Battle Group 2 from Merge Games for the Nintendo Switch puts you in command of a warship under siege from an unknown foe. As the game progresses, you wage war with this mysterious enemy and – using the oil gained from blowing them up – purchase upgrades for your ship and arsenal to better combat them and stop their mission of destruction.
Battle Group 2 is fundamentally sound and fun at times, but it’s a short game with little replayability, making for a great bite-sized adventure better suited for those looking for a quick play with little long-term commitment.
At the beginning of Battle Group 2, you’re thrown into battle with no introduction to the controls at all. They’re simple enough, but one thing you’ll NEED to know is that the L1 button speeds up your cursor, allowing you to target enemies faster. This button is an absolute necessity, and it’s impossible – especially in the later stages – to even fathom beating a level without it. It’s more than a little confusing that you’re left to find out about it by trial and error, and I lost a few times early on before I discovered it. An interesting design choice for sure.
The game itself is simple enough. It’s reminiscent of Missile Command for the Atari 2600, where you’re firing rockets at approaching enemies, trying to blow them up. This one takes place entirely on the ocean with enemies coming your way in various forms including planes and helicopters that fire rockets at you and ships that try and ram your hull. The whole premise is just to shoot the rockets and boats before they reach you. Simple. The issue I have is that it’s basically that same premise for the entire 30 levels with very little in the way of variety. There are a few missions where you “protect” a passenger plane (and by protect I mean just make sure you don’t hit it with your own missiles) and two boss battles – one of which is the final fight – that are practically identical. The difficulty increase is simply due to the developer filling the screen with more enemies.
The increased amount of enemies can be handled more easily by upgrading your ship, ammo and secondary escort using the oil obtained from defeating enemy crafts. The upgrades don’t come cheap though. They’re so expensive that I was on level 28/30 before I upgraded to my SECOND primary ship. That’s practically the whole game! I was gaining about 20-50 oil cans per level, and upgraded my weapons and ammo to their maximum on my first primary ship, but couldn’t afford to upgrade for practically the rest of the game. It’s also a little crazy to think that I went through almost the entire game on my basic ship with little in the way of overall upgrades. I understand that the expectation from the developer is that you replay older levels in order to obtain enough oil to upgrade, but in a story driven game – and I use ‘story’ loosely – it’s impractical to go back to a previous story point to get more oil, as it completely takes you out of the immersion. Some people may be OK with it, but it just didn’t do anything for me.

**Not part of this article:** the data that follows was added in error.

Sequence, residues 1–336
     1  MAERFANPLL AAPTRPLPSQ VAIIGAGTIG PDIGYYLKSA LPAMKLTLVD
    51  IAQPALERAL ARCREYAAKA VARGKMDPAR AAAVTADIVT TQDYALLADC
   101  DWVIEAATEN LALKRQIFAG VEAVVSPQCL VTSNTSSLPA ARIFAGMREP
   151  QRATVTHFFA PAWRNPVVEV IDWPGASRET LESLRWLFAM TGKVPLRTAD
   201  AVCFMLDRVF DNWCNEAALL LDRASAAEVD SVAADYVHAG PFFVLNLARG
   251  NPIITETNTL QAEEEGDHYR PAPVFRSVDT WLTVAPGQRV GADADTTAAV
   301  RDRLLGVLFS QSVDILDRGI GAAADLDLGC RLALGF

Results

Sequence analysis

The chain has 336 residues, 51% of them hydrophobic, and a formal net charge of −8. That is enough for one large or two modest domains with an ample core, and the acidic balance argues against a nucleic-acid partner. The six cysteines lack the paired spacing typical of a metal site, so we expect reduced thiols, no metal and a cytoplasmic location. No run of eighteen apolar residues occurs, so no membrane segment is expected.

Speaking of the story – I’m not entirely sure where the enemy – known as “The Talon” – comes from, or why they’re attacking me, and you don’t really discover any more after playing through the campaign. Their goal seems to be to simply cause destruction, yet I’m not entirely sure why. The dialogue isn’t great at the best moments and I was greeted with random quotes like “Easy As Pie!” after a mission where I escaped by the skin of my teeth, or the strangely put “Thank You Taxpayers!” after one mission making the whole thing seem a bit thrown together. The overall package seems a little hollow, and the repetitive gameplay makes this a decent once-through, but there isn’t much value in terms of replayability.
Overall, the game is fun and even addictive at times, and anyone looking for a quick break would probably find some value here. If you’re looking for a fleshed out story experience or a real challenge however, you’re going to need to look elsewhere.
If you’ve played it, let us know what you think in the comments!